Giving the Hexbug Spider freedom to explore on its own


[Eric Gregori] recently spent some time messing around with a Hexbug Spider, and wrote in to share some modifications he made to the toy. In its unaltered form the robot can be controlled remotely, and while it’s fun to play with, the excitement is short lived. Using a TI MSP430 along with a small motor controller kit he put together, he gave the Hexbug a bit more personality.

The kit is really just a simple board used for mounting the MSP430 and FAN8200 motor driver, along with an IR emitter/sensor pair. It would be easy enough to put something similar together yourself, though if you are looking for a protoboard/deadbug/PCB etching-free solution, his Spider Hack kit is a quick and easy solution.

[Eric’s] walkthrough shows how to disassemble the Hexbug, and details which components need alterations before the controller board can be properly mounted. A few soldered wires later, the toy is ready to be reprogrammed, a process [Eric] carries out using the Launchpad board from which he lifted the MSP430.

As you can see in the videos below, calling the robot autonomous might be a bit of a stretch (I don’t see it walking to the kitchen to make me a sandwich), but it can navigate and avoid objects with ease.

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Self Balancing Robot with Wii parts

[Moser] is looking to build a quadrocopter sometime in the future, without plunking down a good chunk of change for a kit model. Looking for a good place to start he figured why not work on the control system. Thinking that the balance of the flying platform of doom would be similar to working out a self balancing robot he spent a couple days and made his self balancing robot.

Armed with a plan, and a logic analyzer, he went out and got a  Wii Motion Plus, which is an inexpensive three axis gyroscope, and a nunchuck which features an accelerometer which both can be found in just about any strip mall. After fiddling for a day getting the Wii nunchuck and motion plus to play nice all it took was a little more time to code up the self balancing routines.

And while its not perfect, all its going to take is a little tweaking and maybe some faster servo motors to get things up to top notch.

Join us after the break for a couple quick videos.

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Hackaday Links: January 5, 2012

Now make it life size

Here’s a scale model of the classic Playstation game Wipeout. It uses quantum levitation, superconductors, liquid nitrogen, and incredibly detailed models of the cars in Wipeout. They’re able control the speed and direction of the cars electronically. Somebody get on making one of these I can drive. Never mind, it’s totally fake, but here’s a choo-choo that does the same thing. Thanks for the link, [Ben].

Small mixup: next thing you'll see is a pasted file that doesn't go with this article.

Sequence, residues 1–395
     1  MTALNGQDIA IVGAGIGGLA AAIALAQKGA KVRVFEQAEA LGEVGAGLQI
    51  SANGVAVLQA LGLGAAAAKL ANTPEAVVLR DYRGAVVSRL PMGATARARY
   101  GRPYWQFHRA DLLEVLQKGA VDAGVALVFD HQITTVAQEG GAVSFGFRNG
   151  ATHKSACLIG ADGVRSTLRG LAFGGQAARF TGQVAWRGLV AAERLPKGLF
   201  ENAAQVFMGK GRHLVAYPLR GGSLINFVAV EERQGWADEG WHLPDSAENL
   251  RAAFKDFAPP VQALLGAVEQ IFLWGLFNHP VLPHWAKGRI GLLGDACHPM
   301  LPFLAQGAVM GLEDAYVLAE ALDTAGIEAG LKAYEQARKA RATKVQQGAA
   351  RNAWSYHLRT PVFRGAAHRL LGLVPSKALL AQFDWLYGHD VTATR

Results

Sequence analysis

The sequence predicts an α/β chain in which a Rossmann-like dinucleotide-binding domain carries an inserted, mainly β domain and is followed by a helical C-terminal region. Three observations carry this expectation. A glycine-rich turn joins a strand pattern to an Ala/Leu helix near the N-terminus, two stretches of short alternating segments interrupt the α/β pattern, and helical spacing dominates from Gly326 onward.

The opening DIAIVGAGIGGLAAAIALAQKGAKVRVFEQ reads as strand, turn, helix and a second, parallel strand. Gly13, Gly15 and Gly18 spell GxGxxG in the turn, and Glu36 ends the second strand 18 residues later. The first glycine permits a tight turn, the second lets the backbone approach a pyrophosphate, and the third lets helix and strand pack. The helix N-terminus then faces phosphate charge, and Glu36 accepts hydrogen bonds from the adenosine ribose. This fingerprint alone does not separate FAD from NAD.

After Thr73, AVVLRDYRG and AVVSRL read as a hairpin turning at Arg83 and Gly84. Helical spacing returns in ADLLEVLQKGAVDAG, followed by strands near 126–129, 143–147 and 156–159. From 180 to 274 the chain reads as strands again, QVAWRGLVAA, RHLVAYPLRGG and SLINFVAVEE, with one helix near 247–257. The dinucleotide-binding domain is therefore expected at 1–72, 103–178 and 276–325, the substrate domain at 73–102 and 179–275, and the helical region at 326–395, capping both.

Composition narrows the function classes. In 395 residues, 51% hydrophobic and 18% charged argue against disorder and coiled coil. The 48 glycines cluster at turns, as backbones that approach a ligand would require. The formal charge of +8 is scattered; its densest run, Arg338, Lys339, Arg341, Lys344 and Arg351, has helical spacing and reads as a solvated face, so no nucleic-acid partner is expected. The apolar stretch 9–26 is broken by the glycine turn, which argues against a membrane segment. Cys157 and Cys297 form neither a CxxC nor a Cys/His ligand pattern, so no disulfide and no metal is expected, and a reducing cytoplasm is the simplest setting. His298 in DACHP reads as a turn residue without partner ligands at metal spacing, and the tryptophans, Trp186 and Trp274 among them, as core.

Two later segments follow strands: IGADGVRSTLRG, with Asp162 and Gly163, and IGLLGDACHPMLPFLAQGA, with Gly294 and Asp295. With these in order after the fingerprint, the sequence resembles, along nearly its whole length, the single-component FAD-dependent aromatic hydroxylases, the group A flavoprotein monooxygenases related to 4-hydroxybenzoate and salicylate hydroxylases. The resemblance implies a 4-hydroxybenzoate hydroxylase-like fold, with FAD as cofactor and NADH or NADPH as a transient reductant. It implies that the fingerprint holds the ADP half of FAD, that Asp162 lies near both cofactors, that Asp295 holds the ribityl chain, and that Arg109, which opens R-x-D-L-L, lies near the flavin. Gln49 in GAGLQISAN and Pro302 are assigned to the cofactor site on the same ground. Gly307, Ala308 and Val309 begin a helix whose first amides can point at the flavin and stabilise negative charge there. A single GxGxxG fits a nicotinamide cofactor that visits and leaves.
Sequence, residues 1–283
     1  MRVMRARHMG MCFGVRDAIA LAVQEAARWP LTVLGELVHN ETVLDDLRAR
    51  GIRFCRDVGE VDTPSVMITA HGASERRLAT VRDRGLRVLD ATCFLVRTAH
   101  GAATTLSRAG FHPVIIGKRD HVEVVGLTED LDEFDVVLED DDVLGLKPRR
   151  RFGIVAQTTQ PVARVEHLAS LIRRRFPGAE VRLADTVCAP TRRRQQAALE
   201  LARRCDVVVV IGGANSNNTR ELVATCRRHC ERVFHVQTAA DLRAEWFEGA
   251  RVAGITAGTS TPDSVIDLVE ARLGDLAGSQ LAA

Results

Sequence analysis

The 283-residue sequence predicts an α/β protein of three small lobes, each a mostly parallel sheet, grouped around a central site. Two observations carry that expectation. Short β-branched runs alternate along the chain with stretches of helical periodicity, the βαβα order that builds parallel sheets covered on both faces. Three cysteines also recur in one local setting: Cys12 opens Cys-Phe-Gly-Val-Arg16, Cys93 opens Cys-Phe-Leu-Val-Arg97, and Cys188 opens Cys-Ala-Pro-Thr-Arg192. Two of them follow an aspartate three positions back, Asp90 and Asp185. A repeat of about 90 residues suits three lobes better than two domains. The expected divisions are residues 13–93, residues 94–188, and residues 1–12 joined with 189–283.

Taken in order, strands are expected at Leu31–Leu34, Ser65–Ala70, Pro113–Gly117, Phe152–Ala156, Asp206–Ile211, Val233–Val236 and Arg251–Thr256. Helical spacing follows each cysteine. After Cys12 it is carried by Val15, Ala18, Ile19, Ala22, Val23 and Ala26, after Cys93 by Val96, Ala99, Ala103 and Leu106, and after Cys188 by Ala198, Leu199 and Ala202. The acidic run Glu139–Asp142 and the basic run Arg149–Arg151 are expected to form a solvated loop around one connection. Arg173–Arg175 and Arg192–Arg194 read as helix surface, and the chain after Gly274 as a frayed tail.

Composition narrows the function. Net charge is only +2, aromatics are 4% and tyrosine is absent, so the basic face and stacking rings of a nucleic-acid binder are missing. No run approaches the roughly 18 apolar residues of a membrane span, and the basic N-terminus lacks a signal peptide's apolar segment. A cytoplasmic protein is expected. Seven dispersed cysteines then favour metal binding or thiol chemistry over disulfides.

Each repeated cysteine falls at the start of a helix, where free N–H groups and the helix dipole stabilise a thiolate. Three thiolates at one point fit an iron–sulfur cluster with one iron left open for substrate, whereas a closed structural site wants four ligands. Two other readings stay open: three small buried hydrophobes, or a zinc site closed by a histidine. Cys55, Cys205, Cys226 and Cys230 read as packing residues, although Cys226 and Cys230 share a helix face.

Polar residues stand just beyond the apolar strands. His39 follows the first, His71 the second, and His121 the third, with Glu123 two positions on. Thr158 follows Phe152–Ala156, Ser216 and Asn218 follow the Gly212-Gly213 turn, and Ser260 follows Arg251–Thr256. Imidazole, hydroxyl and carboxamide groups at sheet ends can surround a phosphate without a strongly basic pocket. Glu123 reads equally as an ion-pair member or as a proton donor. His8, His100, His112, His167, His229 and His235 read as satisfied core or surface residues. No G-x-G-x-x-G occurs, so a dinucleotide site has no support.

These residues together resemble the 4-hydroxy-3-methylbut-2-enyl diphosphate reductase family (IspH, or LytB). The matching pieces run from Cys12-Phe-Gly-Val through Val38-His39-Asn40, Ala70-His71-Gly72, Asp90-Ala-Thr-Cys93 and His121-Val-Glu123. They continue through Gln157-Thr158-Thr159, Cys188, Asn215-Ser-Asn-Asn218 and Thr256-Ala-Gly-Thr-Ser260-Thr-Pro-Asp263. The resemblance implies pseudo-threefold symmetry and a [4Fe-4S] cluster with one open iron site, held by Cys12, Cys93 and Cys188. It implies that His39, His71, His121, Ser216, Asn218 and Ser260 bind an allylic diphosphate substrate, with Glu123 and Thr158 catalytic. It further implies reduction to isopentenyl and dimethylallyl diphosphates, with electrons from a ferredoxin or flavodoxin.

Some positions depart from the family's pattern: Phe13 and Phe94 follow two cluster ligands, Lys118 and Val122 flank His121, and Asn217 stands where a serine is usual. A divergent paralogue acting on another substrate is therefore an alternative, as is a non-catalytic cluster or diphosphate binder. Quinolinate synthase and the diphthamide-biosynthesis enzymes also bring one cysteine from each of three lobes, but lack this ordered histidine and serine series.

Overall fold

Found a use for eight copies of Deep Impact

Where do you keep all your wire? [Paul] keeps his inside VHS tapes. It’s one of the most efficient ways of storing wire we’ve seen, just don’t touch those VHS copies of the original Star Wars trilogy.

There’s MAME machines for pinball?

MAME arcade machines are old hat, but we’ve never seen something to emulate pinball. The build uses two LCD monitors, a small computer and PinMAME. There’s videos in the build log; tell us if we’re stupid for wanting to build one. Thanks go to [Adrian] for sending this one in.

LEGO binary to decimal conversion

[Carl] is doing a few experiments to see if it’s possible to build a calculating machine out of LEGO. He managed to convert four bits of binary into decimal. We’ve seen a LEGO Antikythera mechanism but nothing on the order of an Analytical Engine or some Diamond Age rod logic. Keep it up, [Carl].

Lubs and Dubs that aren’t for dubstep

The folks at Toymaker Television posted a neat demo of heart rhythms emulated with a microprocessor. It cycles through normal sinus rhythm, atrial fibrillation, atrial flutter, and everything else that can go wrong with your heart. We know some nurses that would have loved this in school.

LED cube is a little bit of kit, a lot of point-to-point soldering

[Craig Lindley] recently finished building his own RGB LED cube project. It’s made up of four layers of 4×4 LED grids, but you may notice that the framework that supports the structure is not the usual ratsnet of wires we’ve come to expect. They’re actually long, thin circuit boards. [Craig] grabbed the Rainbow Cube kit sold by Seeed Studio for this project. But instead of pairing it with their Rainbowduino driver, he built his own to give him more options on how to control the blinky lights.